The GBP can devalue, but it does not address the issue. The Greeks will have to engage in internal devaluation – either they accept lower rewards for their feeble efforts or they do some work. That is economic discipline.

      • Hi David,
        Thanks for your reply, I follow the logic of the increase regarding capital/interest trade-off but what about a decrease? How can we expect to see a house price decrease at the same point as falling rates? Is it because of the recessionary nature of decreased demand through higher unemployment, lower real rate rises?

        If I simplify this down to:
        Rates rise and houses prices rise: potential drivers?
        Rates rise and houses prices fall: decreased affordability, greater incentive to save
        Rates fall and house prices rise: increased affordability, less incentive to save
        Rates fall and house prices fall: potential drivers?

        Thanks again for any help people can lend in developing my understanding 🙂

        I know Shaun has made the point here that the accepted assumption of lower rates driving increased spending can be shown not to be true due to reduced consumer confidence – as evidenced in Scandinavia..? But this is somewhat of an aside to my question!

        • I thiink it boils down to the availability of credit. If mortgages are easy to come by especially with government “help” ie HTB then prices rise. If the taps are turned off or the conditions for obtaining a mortgage are tightened then prices fall.

          This happened in 2008 when prices started to fall then HTB came in and magically the falls stopped.

          It has very little to do with supply and demand except perhaps in London.

          Most people only look at the monthly payment so if IRs are low they borrow as much as they can (interest only if they can get it— the buy-to-let model) and they don’t think about the long-term ie how are they going to pay off the capital or what happens if interest rates rise.

        • You will rarely see rates and house prices move together, because of the interest/capital ratio changes. However, it might happen as Jan points out if credit conditions work the other way – such as low rates, but tight credit more than offsets (eg: the multiplier being reduced). It is also worth bearing in mind that rate moves take time to work through as there have to be enough buyers in the new conditions to affect prices, so many economist work on a 1 year to 18 months time lag, which is why BoE rates are set on a 2 year forecast (or guess to be accurate). If you take the example of Northern Rock with its infamous 125% mortgages, that lot crashed in September 07 when rates had increased from a low level in August 06. The credit contagion spread into mid-08 when Lehmans crashed and closed off much of the credit markets, just when house prices were falling from the 06-07 rate moves and some credit availability reductions. Rates were crash stopped in mid-09 and so, from 2010, the bubble restarts inflating.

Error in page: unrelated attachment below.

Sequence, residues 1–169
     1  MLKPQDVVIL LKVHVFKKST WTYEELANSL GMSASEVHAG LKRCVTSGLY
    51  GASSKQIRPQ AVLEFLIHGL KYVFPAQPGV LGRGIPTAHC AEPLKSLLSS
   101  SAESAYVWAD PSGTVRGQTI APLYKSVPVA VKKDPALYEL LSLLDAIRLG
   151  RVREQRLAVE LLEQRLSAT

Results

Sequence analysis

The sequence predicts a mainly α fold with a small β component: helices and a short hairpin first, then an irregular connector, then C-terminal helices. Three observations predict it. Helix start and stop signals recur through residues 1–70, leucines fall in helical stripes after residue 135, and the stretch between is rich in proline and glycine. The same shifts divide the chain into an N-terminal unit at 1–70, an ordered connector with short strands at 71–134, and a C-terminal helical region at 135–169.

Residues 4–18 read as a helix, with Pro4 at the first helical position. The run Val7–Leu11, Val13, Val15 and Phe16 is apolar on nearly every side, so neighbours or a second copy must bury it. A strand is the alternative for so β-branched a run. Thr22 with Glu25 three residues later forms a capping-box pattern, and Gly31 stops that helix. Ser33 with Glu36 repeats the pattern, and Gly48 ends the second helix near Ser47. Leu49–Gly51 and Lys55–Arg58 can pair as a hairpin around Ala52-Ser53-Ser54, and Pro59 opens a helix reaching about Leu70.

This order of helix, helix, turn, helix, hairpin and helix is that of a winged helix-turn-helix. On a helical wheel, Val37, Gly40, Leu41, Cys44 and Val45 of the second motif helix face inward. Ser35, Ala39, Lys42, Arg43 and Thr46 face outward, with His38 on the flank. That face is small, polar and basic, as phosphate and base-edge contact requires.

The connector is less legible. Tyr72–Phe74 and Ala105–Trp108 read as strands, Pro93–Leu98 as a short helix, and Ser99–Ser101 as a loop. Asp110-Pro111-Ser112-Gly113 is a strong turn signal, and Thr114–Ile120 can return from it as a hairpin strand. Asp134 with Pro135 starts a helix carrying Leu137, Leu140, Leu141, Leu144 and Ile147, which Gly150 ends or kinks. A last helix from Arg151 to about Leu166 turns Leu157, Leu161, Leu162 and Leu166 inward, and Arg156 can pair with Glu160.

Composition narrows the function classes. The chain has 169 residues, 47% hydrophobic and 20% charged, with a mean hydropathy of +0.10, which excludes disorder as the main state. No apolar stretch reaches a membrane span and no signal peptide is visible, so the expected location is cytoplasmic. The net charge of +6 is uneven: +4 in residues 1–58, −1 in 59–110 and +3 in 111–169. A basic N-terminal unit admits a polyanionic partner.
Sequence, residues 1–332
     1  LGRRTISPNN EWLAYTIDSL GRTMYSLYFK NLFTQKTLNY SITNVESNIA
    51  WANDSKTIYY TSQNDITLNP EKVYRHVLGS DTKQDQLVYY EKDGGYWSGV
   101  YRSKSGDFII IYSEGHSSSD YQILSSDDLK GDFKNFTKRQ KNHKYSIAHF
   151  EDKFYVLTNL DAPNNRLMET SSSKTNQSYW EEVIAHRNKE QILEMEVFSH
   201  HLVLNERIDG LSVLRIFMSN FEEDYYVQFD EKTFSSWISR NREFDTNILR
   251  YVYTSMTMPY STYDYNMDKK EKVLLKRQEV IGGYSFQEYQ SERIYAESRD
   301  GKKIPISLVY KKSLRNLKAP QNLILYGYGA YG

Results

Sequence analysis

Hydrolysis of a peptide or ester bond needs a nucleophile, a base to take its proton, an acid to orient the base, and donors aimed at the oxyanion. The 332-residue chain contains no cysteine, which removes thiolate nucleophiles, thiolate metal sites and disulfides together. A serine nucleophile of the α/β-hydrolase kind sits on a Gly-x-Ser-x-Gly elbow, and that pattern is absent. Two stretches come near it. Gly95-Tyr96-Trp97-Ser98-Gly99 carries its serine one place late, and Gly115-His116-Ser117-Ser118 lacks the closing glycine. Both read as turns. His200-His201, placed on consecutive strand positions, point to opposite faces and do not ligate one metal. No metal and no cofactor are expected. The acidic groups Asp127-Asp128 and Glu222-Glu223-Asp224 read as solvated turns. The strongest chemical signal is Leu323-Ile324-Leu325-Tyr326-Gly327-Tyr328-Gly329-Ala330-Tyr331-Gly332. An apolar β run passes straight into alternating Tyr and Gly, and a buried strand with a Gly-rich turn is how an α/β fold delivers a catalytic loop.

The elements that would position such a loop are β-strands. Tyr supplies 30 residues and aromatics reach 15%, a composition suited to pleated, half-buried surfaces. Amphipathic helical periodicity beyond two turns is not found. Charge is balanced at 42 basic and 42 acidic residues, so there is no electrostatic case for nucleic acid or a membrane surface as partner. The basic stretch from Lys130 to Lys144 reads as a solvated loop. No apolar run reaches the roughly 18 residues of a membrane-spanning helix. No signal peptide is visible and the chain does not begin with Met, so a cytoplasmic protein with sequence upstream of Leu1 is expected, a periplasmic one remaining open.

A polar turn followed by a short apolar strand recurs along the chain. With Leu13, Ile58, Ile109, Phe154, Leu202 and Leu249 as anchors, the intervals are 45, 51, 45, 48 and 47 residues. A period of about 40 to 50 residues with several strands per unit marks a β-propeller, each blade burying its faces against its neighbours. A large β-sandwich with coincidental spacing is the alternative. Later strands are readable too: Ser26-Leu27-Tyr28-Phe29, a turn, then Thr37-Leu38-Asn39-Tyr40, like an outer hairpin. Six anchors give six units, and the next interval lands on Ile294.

There is also the liquidity trap – the point at which rate changes make no difference to demand consumption. When rates are high, a reduction releases cash for spending and so, should stimulate the economy. When rates are at or below the liquidity trap level, there is no real change to consumption (you can only eat so much food etc.) as all the newly-spare cash disappears into assets. After Japan’s stagnation, this level was thought to be around 0%, but i have always had the view that the UK level is about 4% (Europe and the US more like 2.5%). So, once you go below that, rate changes do not affect consumption and thus do not boost the economy. Sustained periods of low rates thus pump up asset prices, which is why Japan has stagnated and the West has done so badly since 2009. The consequence is that more capital has to be borrowed to buy assets and the capital cost will not be of course affected by rate changes. So, you are then lumbered with broken consumption.

        • Anyone who relies on supply/demand arguments (especially those clowns in UKIP) needs to play Monopoly with slightly changed rules, so that fines and the like go into the centre and are “won” by the next person on Free Parking. That of course pumps money to the players and leaves the Bank short (unless you print more Monopoly money – pun intended!) – but here, there is no more supply or demand, yet watch what happens to property prices.

Leave a Reply

Fill in your details below or click an icon to log in: Logo

You are commenting using your account. Log Out /  Change )

Google+ photo

You are commenting using your Google+ account. Log Out /  Change )

Twitter picture

You are commenting using your Twitter account. Log Out /  Change )

Facebook photo

You are commenting using your Facebook account. Log Out /  Change )


Connecting to %s

This site uses Akismet to reduce spam. Learn how your comment data is processed.